Alpha Public Relations | Five differences between being an employee and a consultant
Five years after founding Alpha Public Relations, Stuart Anderson reflects on the lessons he has learned about being a consultant rather than an employee.
Alpha Public Relations, consultancy, PR
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Five differences between being an employee and a consultant

Alpha Public Relations recently celebrated its fifth anniversary. As a PR agent I’m not going to let a good anniversary go to waste, so I have taken this opportunity to reflect on what I have learned about the differences between being an employee and being an independent consultant over the past half-decade.

These, as I see it, are five of the biggest differences in mindset:

#1. If, as an employee, your boss overrules you and everything goes wrong, it’s your boss’s fault. If, as a consultant, a client overrules you and everything goes wrong, it’s your fault for not arguing your point well enough.

#2. Being a consultant automatically confers a status on your advice that few employees enjoy. You can expect to be questioned, of course, but ultimately your clients pay you because they believe you are an expert, not just an implementer.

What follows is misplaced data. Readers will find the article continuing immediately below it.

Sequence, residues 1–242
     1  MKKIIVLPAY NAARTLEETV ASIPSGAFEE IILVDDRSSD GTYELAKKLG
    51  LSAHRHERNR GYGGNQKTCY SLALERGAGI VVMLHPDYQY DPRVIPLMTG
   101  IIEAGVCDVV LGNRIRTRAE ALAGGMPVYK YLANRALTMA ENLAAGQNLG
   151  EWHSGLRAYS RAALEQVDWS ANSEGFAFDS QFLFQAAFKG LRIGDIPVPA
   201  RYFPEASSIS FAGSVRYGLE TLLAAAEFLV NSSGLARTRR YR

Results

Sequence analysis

#3. Occasionally people will use you to score points in political games of which you know nothing, and will appear to be nit-picking in a way that would look like bullying in a colleague. Sometimes, though, when somebody challenges you it’s because they feel they need to prove a point to their own boss. These cases require tact. That isn’t the same as backing down on every point.

#4. Employees may feel differently in this era of widespread homeworking than I did back in 2017 when I established my business. However, for me one of the biggest adjustments was realising that I only needed to be accountable to clients for the time for which they actually paid me. If you have a day with no client work to do then that’s nobody’s business but your own, and it’s up to you how you choose to fill it.

#5. However, as a consultant with retained clients, you are also always, at least theoretically, available. Bank holidays and weekends are the only chance you get genuinely to switch off.

Stuart Anderson